I will use the frame from the RX73 which I have stripped down to basically nothing. It’s fairly light and will sit on top of my steel tube frame to give me a platform to mount the batteries and electronics. Previously I used a cheap toolbox from Harbor Freight to hold the batteries.I decided to go RC to reduce the load on the motors and because my yard is very steep (so also seemed safer).
Final note—wasn’t sure where this detail fit best. I kept the brakes from the Jazzy Select motors but wired them directly to the 24v system. This allowed me to use the power switch to apply brakes. I did this when it was still going to be a riding mower so I could use the power as an emergency stop. Now doesn’t seem like it will be as helpful unless I have power controlled remotely. I am open to any ideas on this.

For those who are still reading, I’m happy to share any info I can. Biggest takeaway for me was learning that I could pick up so many new skills thanks to the countless Youtube videos/forum posts/etc. I appreciate how much information was available, so I am happy to share any information in return.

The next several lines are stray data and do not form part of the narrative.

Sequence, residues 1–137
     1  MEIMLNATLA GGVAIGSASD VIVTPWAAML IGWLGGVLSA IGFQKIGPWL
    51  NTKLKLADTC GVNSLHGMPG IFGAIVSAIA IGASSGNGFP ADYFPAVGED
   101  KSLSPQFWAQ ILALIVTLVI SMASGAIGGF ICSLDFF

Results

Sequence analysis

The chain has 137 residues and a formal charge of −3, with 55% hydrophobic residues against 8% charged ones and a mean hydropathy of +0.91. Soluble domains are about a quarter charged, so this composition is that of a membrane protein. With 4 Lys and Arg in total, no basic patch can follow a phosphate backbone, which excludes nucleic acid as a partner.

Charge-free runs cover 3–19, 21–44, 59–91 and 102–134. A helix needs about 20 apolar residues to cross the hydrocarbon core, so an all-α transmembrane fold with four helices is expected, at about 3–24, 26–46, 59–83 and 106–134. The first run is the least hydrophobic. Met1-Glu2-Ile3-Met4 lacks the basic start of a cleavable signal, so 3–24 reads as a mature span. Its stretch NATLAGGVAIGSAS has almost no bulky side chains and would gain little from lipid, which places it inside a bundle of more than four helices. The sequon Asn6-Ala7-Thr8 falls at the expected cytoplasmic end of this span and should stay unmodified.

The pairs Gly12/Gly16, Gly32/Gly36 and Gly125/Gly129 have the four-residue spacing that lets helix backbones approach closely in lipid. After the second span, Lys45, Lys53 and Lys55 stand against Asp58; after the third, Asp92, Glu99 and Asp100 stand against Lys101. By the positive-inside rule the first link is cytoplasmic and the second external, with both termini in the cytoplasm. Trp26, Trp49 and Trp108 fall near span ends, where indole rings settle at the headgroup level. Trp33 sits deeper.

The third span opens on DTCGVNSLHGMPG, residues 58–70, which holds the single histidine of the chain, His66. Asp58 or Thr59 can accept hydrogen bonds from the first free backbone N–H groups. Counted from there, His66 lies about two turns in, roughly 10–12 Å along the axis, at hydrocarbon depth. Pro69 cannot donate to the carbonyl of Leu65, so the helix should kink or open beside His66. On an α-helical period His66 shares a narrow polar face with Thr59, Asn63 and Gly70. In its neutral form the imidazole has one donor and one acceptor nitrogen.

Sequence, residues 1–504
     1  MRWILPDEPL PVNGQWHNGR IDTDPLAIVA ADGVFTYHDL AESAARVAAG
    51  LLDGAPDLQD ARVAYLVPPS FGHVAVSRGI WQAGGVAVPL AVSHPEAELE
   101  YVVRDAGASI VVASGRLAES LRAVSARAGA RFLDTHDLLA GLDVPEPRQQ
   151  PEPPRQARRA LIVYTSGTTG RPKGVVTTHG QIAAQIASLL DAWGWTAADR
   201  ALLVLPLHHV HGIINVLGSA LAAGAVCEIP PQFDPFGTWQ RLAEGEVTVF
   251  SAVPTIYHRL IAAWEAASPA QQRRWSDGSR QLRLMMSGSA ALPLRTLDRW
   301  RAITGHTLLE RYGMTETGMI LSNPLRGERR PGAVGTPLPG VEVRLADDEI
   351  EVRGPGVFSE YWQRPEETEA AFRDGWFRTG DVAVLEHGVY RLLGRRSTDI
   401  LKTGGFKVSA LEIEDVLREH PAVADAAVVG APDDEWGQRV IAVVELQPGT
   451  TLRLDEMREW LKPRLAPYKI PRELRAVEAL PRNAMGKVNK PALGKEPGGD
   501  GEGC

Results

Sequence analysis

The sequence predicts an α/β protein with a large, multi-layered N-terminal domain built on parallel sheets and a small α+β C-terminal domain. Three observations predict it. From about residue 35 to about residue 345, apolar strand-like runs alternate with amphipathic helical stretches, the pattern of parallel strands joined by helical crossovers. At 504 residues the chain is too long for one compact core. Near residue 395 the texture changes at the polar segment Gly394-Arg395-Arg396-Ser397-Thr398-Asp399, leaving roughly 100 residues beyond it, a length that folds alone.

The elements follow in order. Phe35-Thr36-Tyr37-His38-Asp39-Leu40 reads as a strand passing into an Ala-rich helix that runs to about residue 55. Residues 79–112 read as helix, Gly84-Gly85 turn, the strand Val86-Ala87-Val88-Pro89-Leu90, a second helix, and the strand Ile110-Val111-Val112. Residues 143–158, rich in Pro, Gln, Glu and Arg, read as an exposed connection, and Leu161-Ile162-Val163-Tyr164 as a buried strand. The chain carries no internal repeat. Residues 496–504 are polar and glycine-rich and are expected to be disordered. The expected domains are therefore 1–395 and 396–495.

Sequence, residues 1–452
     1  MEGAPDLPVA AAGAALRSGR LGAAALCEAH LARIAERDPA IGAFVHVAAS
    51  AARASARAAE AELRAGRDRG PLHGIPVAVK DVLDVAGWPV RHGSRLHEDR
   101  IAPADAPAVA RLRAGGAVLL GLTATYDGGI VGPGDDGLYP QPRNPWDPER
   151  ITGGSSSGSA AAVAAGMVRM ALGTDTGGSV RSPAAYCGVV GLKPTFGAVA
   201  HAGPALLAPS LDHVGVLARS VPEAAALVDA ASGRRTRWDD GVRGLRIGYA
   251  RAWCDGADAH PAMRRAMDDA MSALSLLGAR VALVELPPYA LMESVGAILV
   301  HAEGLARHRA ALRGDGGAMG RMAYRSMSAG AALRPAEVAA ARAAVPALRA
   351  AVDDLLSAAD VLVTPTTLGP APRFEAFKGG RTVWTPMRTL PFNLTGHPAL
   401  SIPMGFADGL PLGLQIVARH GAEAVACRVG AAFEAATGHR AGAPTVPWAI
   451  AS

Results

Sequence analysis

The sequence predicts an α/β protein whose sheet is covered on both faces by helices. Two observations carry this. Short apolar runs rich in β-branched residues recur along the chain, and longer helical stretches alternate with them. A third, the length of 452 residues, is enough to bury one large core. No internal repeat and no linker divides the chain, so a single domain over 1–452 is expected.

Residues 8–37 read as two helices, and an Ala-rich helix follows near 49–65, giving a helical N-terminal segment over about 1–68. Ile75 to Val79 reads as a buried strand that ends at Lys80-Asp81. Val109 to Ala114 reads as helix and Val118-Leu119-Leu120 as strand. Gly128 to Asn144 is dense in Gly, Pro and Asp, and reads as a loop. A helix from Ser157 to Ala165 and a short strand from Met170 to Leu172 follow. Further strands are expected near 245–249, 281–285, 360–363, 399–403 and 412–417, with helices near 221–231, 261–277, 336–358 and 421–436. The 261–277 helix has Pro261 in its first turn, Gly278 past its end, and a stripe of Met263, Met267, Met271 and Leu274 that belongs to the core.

@Maxg That’s quite the chassis!

(1) The battery voltage should match the motor’s nominal votlage (12V?), the discharge current available from the battery needs to be beyond the “worst case” scenario of all four motors (add the current draw at max power for all four motors, and compare that to the max continuous discharge current on the battery’s spec sheet). Last, the capacity will determine how long the robot will operate between charges.

(2) Fuses 9and related) are there to help save the battery and moreso the electronic controller. The choice is yours if you want that layer of protection, but you can imagine the potential costs / losses of not having it.

Additional thoughts:

(a) I assume all four motors operate at the same speed, and if not you’ll adjust accordingly?
(b) The cutting diameter seems so much smaller than the width of the frame - how effective will it be? Won’t the wide wheels simply flatten the grass to prevent it from being mowed? it looks like you could fit two side by side.